The U. S. Department of Health and Human Services National Diabetes Education Program estimates that there are currently 41 million Americans who are at risk for developing diabetes, particularly Type 2 diabetes. Most of these people arent even aware that they are at risk.
If you are over 45, overweight and sedentary you run a greater risk of developing Type 2 diabetes. If you are a member of certain minority groups such as African-American and Hispanics your risk is even greater for developing Type 2 diabetes, but not Type 1. According to the Centers for Disease Control and Prevention (DCD) 10.8 percent of non-Hispanic blacks, 10.6 percent of Mexican Americans and 9.0 percent of American Indians have diabetes. The white population rate is 6.2 percent.
As with many diseases the effects of diabetes on these populations is more devastating than for the general population. Minorities may also have higher rates of diabetes complications and death; some experts estimate that percentage to be above 50 percent.
It is not entirely clear why some minority populations face greater disparities in certain diseases and in the outcome of these diseases. Heredity is a factor. African Americans also have a higher rate of hypertension than their white counterparts. Hypertension coupled with diabetes plays a critical role in the development of end stage renal disease, which is 2.5 times higher in African Americans.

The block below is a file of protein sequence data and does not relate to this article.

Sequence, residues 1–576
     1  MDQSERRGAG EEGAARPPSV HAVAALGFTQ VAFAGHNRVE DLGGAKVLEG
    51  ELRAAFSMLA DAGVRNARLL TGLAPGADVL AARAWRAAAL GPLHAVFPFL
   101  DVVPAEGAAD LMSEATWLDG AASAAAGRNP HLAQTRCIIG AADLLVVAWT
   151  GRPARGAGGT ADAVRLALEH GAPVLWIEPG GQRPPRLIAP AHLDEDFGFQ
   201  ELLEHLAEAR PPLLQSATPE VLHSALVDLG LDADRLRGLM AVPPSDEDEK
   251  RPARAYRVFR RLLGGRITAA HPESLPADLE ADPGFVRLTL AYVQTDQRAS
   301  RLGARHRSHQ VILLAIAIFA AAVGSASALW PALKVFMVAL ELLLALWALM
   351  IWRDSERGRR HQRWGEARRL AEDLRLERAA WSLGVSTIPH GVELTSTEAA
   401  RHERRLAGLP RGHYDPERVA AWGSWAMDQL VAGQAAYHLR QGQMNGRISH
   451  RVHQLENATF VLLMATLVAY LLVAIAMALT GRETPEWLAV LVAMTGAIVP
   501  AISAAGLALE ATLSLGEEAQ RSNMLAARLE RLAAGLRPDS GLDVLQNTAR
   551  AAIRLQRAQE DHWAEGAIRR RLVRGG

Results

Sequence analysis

Lack of health care and treatment are also major issues. The adoption of the American lifestyle has had perhaps the greatest impact on the development of diseases, including Type 2 diabetes in migratory populations. That lifestyle includes diets high in fat, low in fiber, low in vegetables and fruits with little or no physical activity. In all, immigrants moving to America have a higher rate of Type 2 diabetes than the population of their country of origin.
The National Institute of Health sponsored a major study concerning diabetes. This landmark study called the Diabetes Prevention Program (DPP) found that people with an increased risk for diabetes can prevent or delay the onset of the disease by losing 5 to 7 percent of their body weight through a low fat, low calorie eating plan and by getting 30 minutes of physical activity a day, five days a week.
To address the diabetes issue the NDEP developed a program called Little Steps Big Rewards: Prevent Type 2 Diabetes. While there are many diet plans available and fads abound, the best way to be successful at weigh loss is to reduce fat and calories while increasing physical activity. Simply reducing your calorie intake by 100 calories a day and increasing the number of steps you take by 2,000 can show dramatic improvement in your overall health.
The Franklin County Health Department offers monthly educational classes and monthly cooking classes for people who are living with diabetes. These classes are based on sound nutritional and exercise advice that can be beneficial to anyone seeking healthier lifestyle choices.
Debbie Howes Fleming is the health education director with the Franklin County Health Department. For more information about column topics or to contact her or the FCHD Community Health Education team, call 564-5559.